Mouths wide open, eyeballs as big as tennis balls, and a general feeling of blanket offense was the response of my congregation when I told them Americans are terrible at friendship. But as the first tidal wave of prideful denial receded, I began to see some heads nodding. The truth of a cultural blind spot, revealed, began to draw out a good desire for loving, true friendship to become the norm.
If you want to get something done, culturally, Americans are the folks you want on the job. They work more than almost any other country in the world and they applaud getting a job done. While working, Americans are generally pretty friendly with one another. They say, “Hi buddy!” and “Howdy pardner!” (well maybe not that last one), but as soon as the project or job is over it’s a friendly, “See you later!” and contact is cut off. Generally, in their mind, there’s no more work to do so they just move on.
Do you see how this attitude undermines friendship? Friendship enjoys another person for who they are, not what they do. When you have a whole culture that engages with friendship based upon tasks, it’s pretty easy to bypass actually enjoying someone for who they are as a person.
In this weird time when so many of our church members are forced to detox from their lives being wrapped up in what they do and are faced with the person in the mirror every morning as simply a human rather than a worker, it provides a great opportunity for despair, but also seeking self-understanding.
Many people in your church don’t know true friendship. For so long they substituted actual friendship for working relationships they enjoy. In this unique time, we are faced with a serious opportunity to forge true friendships now.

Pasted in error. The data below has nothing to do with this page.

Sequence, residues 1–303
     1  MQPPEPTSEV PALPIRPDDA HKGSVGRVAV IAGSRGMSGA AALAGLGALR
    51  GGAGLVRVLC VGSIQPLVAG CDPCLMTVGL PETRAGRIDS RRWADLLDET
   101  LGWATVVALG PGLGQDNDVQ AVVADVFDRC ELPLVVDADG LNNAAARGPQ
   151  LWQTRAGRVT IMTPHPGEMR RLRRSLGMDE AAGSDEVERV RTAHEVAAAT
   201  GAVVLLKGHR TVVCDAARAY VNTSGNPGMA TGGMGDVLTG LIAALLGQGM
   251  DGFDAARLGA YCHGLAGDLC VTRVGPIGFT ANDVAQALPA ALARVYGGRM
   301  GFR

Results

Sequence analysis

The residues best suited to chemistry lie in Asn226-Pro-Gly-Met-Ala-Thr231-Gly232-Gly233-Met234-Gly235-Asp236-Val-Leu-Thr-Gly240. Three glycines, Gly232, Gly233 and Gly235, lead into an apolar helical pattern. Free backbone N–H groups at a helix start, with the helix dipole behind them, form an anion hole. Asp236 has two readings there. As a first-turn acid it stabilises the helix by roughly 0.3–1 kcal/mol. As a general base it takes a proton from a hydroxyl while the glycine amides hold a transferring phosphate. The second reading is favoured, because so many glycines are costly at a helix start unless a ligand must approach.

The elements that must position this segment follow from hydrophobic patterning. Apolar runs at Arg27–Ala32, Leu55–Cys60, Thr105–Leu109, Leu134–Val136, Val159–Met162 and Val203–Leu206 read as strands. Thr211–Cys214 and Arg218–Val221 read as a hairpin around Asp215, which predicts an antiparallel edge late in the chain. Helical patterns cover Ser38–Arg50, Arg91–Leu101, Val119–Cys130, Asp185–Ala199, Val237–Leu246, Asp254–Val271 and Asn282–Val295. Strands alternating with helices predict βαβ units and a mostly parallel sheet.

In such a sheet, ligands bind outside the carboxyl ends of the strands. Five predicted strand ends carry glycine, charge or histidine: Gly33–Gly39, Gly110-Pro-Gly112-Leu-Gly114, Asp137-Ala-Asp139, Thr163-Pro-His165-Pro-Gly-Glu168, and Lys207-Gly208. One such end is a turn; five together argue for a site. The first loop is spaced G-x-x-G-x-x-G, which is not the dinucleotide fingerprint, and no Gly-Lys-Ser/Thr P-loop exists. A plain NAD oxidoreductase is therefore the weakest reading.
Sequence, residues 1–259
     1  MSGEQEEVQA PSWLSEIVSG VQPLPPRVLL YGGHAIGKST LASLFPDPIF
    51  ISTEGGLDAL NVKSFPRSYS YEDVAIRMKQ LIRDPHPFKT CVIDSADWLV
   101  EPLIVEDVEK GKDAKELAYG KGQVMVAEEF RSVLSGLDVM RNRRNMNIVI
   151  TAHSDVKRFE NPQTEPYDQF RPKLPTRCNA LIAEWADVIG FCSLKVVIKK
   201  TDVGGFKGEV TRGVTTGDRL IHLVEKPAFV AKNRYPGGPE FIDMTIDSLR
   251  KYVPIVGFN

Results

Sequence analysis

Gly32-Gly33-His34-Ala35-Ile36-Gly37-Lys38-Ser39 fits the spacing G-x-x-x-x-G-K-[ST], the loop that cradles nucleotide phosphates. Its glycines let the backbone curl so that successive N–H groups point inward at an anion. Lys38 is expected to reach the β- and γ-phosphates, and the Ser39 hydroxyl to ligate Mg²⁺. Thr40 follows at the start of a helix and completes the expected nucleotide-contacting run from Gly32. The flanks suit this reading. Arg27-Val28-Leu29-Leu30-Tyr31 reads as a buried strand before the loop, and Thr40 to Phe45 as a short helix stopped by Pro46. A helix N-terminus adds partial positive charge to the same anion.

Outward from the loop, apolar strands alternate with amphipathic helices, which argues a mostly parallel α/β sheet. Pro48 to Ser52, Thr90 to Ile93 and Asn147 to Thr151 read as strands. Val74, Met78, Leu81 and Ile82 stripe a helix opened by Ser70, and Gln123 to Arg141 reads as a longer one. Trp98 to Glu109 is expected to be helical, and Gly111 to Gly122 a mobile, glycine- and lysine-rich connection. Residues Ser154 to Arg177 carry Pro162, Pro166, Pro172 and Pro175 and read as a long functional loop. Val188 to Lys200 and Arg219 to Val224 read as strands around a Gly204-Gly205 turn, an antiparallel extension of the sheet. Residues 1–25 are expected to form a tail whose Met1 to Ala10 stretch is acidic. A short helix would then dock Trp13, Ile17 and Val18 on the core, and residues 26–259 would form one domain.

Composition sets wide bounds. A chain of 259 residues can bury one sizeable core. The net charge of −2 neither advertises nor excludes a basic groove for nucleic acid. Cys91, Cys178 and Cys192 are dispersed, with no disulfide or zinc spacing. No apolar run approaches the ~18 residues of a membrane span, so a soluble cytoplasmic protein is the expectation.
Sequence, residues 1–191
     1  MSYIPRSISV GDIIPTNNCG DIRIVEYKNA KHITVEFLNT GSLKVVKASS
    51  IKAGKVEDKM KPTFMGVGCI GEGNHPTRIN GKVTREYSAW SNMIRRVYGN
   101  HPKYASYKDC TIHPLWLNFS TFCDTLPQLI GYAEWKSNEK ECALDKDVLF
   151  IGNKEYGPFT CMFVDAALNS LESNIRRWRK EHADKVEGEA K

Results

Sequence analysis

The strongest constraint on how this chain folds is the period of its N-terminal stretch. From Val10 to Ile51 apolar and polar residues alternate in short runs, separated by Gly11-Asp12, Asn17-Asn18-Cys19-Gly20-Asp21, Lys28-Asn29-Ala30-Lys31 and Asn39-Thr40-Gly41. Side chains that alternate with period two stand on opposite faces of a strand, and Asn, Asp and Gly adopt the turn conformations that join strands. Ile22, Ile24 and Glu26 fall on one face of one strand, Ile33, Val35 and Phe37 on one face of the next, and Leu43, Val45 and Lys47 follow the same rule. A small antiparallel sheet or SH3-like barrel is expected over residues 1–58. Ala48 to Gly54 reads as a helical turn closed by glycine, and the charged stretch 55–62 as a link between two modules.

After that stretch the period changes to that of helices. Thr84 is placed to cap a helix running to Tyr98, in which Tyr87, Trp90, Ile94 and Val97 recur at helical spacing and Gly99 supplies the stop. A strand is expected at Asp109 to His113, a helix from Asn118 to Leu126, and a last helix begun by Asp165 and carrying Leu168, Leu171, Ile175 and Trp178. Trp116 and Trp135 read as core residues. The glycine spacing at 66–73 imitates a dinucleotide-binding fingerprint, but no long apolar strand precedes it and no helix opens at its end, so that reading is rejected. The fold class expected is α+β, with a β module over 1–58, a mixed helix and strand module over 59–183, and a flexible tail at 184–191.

But how? How can the American culture learn true friendship when they have neglected it for so long? Let’s look to our perfect example, Jesus. In teaching the crowds about his purpose in coming into human history, Jesus tells them,
“The Son of Man has come eating and drinking, and you say, ‘Look at him! A glutton and a drunkard, a friend of tax collectors and sinners!’ Yet wisdom is justified by all her children.” – Luke 7:34-35
There’s plenty here, but it seems like Jesus’ exhortation to the crowd was to step away from the preconceived expectations they had for the Messiah and to take a look at Jesus for who he truly was, “a friend of tax collectors and sinners.”
Notice that Jesus, who could have identified as a friend of those who appeared to “do the work of the Kingdom,” actually befriends those who seem to be doing the opposite. He enters into relationship with people who have nothing in common with him and aren’t even on the same mission, simply for who they are. He engages their lives and enjoys them.
Perhaps the clearest example in Scripture is that of Zacchaeus, the little, thieving, sell-out-to-the-Romans, and traitor-to-his-people man, who Jesus demands relationship with by eating at his home, much to the offense of those who felt they should have been on Jesus’ friendship list.
Connect and Help Make Connections
Pastor, you can use this opportunity to help facilitate true friendship by reaching out to those who are isolated and alone. You can connect folks in your church, in creative ways over technology, for no other purpose than to enjoy one another for who they are in this shared reality rather than because of their commonalities in work or ministry. And, you can do this for yourself also.